Falguni Patel is a modern-day pioneer of the Wild West. She and her husband are Indian immigrants who recently started Bombay Indian Food and Chai House in the San Joaquin Valley city of Hanford, where she says the majority of the 55,000 residents are not familiar with Indian cuisine. (The nearest Indian restaurant is 30 minutes away.) Despite a growing group of Punjabi farmers in the area, the small Indian community isn’t visible, either. As a result, despite their efforts to fit in, the couple occasionally feels like outsiders. Patel hopes that immigration reform will help normalize the immigration experience and make it easier for Americans to welcome immigrants like her and her family into their communities.
Patel and her husband arrived in the United States from India in 2008 and ran hotels in North Carolina and Central California before ending up in the restaurant business in 2013. “It’s definitely been a challenge opening up an Indian restaurant in an area where people don’t know Indian culture,” says Patel, 40, who decided to start her own mom-and-pop restaurant in a strip mall next to a Mexican bakery and Thai restaurant. About half of her clientele is non-Indian, and she gets a steady stream of business from military workers from nearby Lemoore Military Base. “The rest of our customers are people who want to try something new,” says Patel.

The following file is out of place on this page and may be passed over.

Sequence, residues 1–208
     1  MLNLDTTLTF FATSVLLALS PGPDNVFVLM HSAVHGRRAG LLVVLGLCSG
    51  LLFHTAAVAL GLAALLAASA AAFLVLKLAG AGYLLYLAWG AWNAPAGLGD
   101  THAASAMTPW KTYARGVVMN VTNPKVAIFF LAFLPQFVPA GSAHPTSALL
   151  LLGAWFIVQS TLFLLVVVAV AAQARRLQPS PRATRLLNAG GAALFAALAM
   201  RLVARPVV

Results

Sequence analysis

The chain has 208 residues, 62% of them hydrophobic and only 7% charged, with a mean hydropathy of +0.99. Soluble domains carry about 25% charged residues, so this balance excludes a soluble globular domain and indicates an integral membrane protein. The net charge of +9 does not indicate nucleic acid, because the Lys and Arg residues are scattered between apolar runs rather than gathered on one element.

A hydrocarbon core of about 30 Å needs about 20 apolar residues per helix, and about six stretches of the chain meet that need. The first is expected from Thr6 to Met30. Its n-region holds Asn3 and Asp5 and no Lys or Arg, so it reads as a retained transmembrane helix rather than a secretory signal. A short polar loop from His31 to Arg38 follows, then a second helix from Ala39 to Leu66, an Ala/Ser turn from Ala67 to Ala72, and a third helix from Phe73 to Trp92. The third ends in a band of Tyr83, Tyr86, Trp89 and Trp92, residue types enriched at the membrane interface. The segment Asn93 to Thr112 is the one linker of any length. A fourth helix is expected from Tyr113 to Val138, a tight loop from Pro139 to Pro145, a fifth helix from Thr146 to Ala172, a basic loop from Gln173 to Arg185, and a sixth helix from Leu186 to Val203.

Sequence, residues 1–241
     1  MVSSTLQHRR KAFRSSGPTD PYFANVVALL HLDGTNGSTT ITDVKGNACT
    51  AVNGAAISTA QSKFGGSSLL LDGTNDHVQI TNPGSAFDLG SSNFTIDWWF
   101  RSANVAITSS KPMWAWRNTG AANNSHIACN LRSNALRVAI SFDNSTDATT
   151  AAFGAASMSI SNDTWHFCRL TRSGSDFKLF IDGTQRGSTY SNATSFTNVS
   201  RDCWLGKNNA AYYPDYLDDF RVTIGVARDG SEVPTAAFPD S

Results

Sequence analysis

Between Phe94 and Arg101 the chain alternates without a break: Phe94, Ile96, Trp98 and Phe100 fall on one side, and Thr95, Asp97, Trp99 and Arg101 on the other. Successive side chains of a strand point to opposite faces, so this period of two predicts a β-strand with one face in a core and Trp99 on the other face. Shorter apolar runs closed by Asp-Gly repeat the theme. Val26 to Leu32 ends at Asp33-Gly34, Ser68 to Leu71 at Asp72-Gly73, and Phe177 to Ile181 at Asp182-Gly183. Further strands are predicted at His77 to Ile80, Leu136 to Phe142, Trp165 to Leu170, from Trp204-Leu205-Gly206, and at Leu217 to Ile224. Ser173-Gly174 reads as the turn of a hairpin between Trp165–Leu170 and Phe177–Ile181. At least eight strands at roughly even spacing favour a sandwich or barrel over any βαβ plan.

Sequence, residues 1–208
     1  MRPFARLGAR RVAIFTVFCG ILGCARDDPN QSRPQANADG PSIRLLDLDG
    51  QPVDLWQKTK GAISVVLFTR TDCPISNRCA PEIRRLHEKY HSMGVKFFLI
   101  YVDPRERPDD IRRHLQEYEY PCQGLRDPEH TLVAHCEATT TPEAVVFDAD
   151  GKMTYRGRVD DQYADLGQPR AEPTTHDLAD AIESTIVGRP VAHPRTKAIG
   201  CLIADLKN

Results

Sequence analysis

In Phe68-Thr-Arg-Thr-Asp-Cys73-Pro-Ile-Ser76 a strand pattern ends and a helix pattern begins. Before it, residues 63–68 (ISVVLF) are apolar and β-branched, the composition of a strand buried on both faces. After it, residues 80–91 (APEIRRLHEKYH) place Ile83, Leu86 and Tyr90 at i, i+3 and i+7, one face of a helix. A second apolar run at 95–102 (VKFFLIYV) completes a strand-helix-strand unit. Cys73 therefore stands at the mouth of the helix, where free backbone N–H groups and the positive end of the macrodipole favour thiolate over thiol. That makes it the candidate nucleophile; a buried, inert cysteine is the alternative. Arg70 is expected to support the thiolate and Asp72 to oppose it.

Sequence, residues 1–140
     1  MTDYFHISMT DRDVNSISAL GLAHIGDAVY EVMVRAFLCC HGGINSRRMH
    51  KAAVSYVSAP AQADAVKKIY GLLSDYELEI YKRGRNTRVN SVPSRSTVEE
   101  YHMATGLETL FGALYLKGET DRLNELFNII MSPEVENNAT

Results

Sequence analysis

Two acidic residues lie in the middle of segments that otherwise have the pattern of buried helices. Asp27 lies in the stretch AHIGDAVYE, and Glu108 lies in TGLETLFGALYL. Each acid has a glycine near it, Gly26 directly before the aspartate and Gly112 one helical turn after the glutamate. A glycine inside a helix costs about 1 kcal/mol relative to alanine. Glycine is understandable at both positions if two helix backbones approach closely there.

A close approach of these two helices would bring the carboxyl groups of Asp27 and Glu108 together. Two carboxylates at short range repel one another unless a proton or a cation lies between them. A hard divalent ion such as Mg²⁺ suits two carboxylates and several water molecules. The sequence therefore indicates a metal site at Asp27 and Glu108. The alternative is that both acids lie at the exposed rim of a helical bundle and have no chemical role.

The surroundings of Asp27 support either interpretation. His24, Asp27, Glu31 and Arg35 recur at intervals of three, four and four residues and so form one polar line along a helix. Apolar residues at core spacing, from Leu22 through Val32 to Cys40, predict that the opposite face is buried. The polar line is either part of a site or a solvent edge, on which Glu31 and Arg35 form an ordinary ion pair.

It’s no longer 1950’s America. We need to change the cultural rhetoric, so it’s more accepting and not so divisive.
Patel says she’s met “so many nice people” who have welcomed her family to Hanford, however she’s also encountered racism, including the time a student taunted her fourth-grade daughter after school by shouting, “Go back to your country. Why are you here?” She also wonders if other incidents are based in xenophobia, such as some former neighbors who refused to accept her invitation to dine at her restaurant. “They’d never had Indian food and wouldn’t even try it,” says Patel. “I had a feeling it was something more. It’s hard to accept another community, especially one from another background.”
Patel says she’s focused on carving out her place in the Central California Valley by getting involved in the community service organization Lion’s Club. “My husband and I are the only Indians in the Hanford chapter, but we want to increase membership by bringing in more diversity,” says Patel, who recently sponsored an immigrant from Nepal. She hopes immigration reform will start a cultural conversation that celebrates diversity by recognizing immigrants’ contributions to American society. “I want to see change so people can grow out of their boxes and learn about other cultures,” says Patel. “It’s no longer 1950’s America. We need to change the cultural rhetoric, so it’s more accepting and not so divisive.”